NOTE: The text in the following Microsoft Knowledge Base article is provided so that the site search can find this page. Please click the Knowledge Base link to insure that you are reading the most current information.

Microsoft Knowledge Base article Q325894 contains:

SUMMARY

This article describes how to configure accounts so that they are trusted for delegation in a Windows Server 2003 Enterprise Edition environment. A security setting determines which users can set the Trusted for Delegation settings on a user or computer object.

The user or object that is granted the Trusted for Delegation user right must have Write access to the account control flags on the user object or the computer object. A server process that is running on a computer (or under a user context) that is trusted for delegation can access resources on another computer by using a client computer's delegated credentials. A server process can access these resources only if the client's account does not have the Account cannot be delegated account control flag set.

The Trusted for Delegation user right is defined in the Default Domain Controller Group Policy object (GPO) and in the local security policy of workstations and servers.

CAUTION: If you do not use the Trusted for Delegation user right or the Trusted for Delegation settings correctly, you can make the network vulnerable to sophisticated attacks that use Trojan horse programs to impersonate incoming clients and use their credentials to gain access to network resources. By default, the Trusted for Delegation right is assigned to the Administrator account on a domain controller.

back to the top

How to Configure a Computer Account So That It Is Trusted for Delegation

In a Windows Server 2003 Enterprise Edition Domain

  1. Click Start, click Control Panel, double-click Administrative Tools, and then double-click Active Directory Users and Computers.
  2. In the console tree, click Computers.
  3. Right-click the computer that you want to configure, and then click Properties.
  4. Click the Delegation tab, click Trust this computer for delegation to any service (Kerberos only) , and then click OK.

In a Microsoft Windows 2000 Native Domain

  1. Click Start , click Control Panel, double-click Administrative Tools, and then double-click Active Directory Users and Computers.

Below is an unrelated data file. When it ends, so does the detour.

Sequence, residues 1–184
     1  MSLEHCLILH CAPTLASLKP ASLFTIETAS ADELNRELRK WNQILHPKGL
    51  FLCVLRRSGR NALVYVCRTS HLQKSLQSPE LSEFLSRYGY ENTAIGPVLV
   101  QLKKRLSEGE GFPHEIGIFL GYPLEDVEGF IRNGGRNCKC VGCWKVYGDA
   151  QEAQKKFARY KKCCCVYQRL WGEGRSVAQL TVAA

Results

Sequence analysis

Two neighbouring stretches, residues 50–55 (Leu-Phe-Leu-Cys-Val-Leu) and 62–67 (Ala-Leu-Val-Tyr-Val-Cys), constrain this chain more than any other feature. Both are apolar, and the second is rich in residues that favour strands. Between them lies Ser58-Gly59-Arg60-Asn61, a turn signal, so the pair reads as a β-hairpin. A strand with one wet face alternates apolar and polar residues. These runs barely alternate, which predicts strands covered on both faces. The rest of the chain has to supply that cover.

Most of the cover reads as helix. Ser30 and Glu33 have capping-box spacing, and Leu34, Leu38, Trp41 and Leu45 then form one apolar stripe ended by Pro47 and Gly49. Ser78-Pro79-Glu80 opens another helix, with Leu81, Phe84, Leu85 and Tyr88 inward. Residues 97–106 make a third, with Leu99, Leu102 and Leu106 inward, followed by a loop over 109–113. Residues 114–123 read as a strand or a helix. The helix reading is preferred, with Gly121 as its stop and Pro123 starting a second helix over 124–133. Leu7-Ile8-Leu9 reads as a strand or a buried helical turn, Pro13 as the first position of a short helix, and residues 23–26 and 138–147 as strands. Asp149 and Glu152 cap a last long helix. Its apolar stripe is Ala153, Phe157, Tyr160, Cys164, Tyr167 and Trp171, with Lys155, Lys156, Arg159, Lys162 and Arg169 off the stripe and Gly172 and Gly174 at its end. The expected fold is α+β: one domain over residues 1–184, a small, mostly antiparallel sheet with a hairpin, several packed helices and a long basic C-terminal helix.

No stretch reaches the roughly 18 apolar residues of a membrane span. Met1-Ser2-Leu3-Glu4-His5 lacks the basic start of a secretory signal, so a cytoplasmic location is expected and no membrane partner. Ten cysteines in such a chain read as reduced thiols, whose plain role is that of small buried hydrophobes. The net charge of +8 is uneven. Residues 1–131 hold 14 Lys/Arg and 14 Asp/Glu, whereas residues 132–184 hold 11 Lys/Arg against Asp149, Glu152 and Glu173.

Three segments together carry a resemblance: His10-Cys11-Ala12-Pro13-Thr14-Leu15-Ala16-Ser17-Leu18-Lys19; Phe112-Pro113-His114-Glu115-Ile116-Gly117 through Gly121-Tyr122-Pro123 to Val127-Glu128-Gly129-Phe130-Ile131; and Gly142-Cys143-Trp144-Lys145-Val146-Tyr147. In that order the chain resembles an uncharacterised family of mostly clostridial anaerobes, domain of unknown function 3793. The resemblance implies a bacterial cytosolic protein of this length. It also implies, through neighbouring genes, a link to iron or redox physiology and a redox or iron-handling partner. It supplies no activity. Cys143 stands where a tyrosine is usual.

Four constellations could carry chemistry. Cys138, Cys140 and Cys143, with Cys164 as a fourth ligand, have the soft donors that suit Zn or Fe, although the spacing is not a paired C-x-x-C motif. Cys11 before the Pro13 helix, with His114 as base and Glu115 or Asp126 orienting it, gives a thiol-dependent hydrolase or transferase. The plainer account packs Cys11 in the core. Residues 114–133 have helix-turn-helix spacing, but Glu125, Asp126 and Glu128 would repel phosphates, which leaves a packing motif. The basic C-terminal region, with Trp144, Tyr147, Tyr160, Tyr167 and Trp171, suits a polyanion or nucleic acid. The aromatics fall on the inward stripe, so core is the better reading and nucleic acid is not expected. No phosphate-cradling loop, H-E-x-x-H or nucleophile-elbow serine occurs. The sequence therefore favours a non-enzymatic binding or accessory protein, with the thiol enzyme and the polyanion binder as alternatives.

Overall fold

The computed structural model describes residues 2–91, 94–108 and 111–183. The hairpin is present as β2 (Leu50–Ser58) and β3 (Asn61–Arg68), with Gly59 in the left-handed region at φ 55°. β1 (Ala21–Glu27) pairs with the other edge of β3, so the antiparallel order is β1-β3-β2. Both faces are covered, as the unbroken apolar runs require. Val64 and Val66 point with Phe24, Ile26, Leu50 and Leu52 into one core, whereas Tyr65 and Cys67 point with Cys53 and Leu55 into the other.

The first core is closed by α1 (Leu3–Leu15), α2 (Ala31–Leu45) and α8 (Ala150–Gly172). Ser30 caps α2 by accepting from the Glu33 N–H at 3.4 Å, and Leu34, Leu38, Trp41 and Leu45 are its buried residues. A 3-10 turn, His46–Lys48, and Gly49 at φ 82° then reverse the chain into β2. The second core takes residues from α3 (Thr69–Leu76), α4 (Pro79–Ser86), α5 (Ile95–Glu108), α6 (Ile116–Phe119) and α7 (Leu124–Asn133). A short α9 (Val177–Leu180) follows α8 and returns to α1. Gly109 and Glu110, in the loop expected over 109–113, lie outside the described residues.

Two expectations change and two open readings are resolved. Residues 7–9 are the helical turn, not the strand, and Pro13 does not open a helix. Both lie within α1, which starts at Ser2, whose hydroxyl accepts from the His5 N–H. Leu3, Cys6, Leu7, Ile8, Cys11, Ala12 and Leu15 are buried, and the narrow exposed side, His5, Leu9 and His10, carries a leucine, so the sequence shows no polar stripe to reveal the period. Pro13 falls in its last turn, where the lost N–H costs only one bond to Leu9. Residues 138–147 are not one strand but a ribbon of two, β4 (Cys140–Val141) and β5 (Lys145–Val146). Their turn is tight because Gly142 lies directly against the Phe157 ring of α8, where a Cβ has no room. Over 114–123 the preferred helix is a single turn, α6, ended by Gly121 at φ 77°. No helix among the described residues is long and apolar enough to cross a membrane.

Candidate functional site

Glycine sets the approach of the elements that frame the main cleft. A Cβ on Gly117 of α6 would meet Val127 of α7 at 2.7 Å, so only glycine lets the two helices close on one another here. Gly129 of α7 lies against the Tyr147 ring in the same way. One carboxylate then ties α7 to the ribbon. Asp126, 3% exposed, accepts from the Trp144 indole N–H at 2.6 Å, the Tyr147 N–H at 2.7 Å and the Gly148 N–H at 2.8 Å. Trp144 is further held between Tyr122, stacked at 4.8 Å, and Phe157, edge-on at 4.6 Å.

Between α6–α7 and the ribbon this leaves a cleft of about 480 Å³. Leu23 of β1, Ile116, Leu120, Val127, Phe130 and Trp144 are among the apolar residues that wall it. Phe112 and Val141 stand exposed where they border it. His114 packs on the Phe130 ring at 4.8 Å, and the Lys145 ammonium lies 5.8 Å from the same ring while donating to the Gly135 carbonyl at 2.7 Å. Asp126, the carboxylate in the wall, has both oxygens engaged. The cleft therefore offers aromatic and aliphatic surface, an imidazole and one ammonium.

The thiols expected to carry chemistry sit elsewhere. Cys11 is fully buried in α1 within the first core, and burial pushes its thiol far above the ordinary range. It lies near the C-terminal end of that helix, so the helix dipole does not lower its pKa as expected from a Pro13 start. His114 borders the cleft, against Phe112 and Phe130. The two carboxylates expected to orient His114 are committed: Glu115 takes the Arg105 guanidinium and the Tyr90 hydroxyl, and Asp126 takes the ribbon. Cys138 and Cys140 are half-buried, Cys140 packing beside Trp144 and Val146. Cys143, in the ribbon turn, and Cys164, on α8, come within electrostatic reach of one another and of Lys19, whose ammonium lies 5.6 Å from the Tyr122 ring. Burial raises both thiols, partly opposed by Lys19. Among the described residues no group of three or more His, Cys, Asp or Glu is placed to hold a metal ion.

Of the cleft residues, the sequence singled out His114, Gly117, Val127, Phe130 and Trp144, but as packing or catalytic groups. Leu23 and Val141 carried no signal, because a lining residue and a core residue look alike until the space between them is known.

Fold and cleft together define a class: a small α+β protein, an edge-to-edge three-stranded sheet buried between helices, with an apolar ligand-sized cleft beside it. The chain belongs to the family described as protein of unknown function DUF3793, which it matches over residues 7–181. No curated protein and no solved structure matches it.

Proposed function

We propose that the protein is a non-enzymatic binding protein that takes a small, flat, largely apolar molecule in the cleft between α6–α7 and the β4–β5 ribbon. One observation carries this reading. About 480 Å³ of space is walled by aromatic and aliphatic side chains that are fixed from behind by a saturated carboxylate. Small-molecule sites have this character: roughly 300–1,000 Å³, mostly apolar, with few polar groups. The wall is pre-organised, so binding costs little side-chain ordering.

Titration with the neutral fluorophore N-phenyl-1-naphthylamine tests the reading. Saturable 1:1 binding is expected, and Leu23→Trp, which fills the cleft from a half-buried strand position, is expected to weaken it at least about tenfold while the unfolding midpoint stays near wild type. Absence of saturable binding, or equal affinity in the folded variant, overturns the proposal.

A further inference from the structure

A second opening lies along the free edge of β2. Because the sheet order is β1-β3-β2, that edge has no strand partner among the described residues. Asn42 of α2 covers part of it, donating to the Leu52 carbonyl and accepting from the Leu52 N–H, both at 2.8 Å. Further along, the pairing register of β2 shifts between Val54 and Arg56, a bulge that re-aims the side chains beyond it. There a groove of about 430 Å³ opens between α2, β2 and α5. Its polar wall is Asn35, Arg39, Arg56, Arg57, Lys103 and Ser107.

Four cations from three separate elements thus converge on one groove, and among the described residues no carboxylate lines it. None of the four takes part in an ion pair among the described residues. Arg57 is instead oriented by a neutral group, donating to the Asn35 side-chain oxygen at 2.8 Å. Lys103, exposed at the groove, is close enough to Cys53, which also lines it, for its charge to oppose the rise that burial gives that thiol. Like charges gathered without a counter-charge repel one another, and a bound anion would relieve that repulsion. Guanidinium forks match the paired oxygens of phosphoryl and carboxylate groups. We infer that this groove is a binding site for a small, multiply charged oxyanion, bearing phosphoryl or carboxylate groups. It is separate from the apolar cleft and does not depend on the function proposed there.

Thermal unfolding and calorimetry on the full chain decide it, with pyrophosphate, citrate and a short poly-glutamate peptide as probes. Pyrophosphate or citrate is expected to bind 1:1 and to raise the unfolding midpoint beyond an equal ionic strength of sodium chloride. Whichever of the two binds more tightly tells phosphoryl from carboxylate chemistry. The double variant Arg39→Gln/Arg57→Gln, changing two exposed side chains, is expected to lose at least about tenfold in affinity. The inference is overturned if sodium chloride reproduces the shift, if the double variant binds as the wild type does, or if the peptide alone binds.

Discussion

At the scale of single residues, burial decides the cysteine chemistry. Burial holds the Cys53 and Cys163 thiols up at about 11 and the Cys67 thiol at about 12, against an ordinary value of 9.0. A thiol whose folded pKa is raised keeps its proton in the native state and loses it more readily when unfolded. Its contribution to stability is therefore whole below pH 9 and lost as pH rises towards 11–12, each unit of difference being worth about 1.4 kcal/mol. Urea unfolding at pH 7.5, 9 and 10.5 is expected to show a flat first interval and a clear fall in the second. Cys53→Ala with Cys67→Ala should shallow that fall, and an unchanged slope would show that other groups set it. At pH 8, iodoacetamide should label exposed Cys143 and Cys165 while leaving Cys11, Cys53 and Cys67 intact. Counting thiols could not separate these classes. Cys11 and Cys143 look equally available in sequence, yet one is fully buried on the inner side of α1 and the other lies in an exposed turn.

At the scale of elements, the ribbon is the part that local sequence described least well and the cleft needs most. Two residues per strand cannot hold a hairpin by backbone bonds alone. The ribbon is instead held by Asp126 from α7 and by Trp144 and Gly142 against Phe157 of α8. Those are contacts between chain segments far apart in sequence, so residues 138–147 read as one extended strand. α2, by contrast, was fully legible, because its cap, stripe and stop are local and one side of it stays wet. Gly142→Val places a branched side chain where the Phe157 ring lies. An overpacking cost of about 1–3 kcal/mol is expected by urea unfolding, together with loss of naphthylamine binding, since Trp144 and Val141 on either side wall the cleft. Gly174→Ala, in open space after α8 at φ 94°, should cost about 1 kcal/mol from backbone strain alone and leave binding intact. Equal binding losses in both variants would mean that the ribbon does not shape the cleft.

2. In the console tree, click Computers.
  3. Right-click the computer that you want to configure, and then click Properties.
  4. Click the General tab, click Trust this computer for delegation, and then click OK.
NOTE: For security reasons, do not allow servers on the enterprise network to perform delegation at will on behalf of any network connection.

back to the top

How to Configure a User Account So That It Is Trusted for Delegation

In a Windows Server 2003 Enterprise Edition Domain

  1. Click Start, click Control Panel, double-click Administrative Tools, and then double-click Active Directory Users and Computers.
  2. In the console tree, click Users.
  3. Right-click the user that you want to configure, and then click Properties.
  4. Click the Delegation tab, click Trust this user for delegation to any service (Kerberos only) , and then click OK.

In a Microsoft Windows 2000 Native Domain

  1. Click Start, click Control Panel, double-click Administrative Tools, and then double-click Active Directory Users and Computers.
  2. In the console tree, click Users.
  3. Right-click the user that you want to configure, and then click Properties.
  4. Click the Accounts tab, click Account is trusted for delegation, and then click OK.
NOTE: For security reasons, do not allow servers on the enterprise network to perform delegation at will on behalf of any network connection.

If the Delegation tab does not appear, you must first register a Service Principal Name (SPN) for the account by using the Setspn utility that is included in the Support Tools pack, which is located on your CD-ROM or on the Resource Kit. Delegation is only intended to be used by a service account, which does not have a registered SPN, instead of a regular user account, which typically does not have an SPN.

back to the top

How to Assign User Rights for the Local Computer

  1. Click Start, click Control Panel, double-click Administrative Tools, and then double-click Local Security Policy.
  2. In the console tree, go to the following location, and then click User Rights Assignment:

    Security Settings/Local Policies/User Rights Assignments

  3. In the details pane, double-click the user right that you want to change.
  4. Click Add User or Group, add the user or group, and then click OK.
back to the top

Understanding Delegation

Delegation is the act of allowing a service to impersonate a user account or a computer account to access resources throughout the network. In an N-tier program, the user authenticates to a middle-tier service. The middle-tier service authenticates to a back-end data server on behalf of the user.

Delegation depends on the middle-tier service that is being trusted for delegation. If the server is set to Trusted for delegation, the service can impersonate a user to use other network services. For example, a user runs a Web program and that Web program uses several different SQL databases that exist on different servers. When the user authenticates to a server (the front-end server) that is trusted for delegation, the server can access the SQL database on the other servers as the user. Because the server that is trusted for delegation has the user's ticket-granting ticket (TGT), it can authenticate to any service on the network. In Windows Server 2003, you can control the services that can impersonate the user by using constrained delegation.

back to the top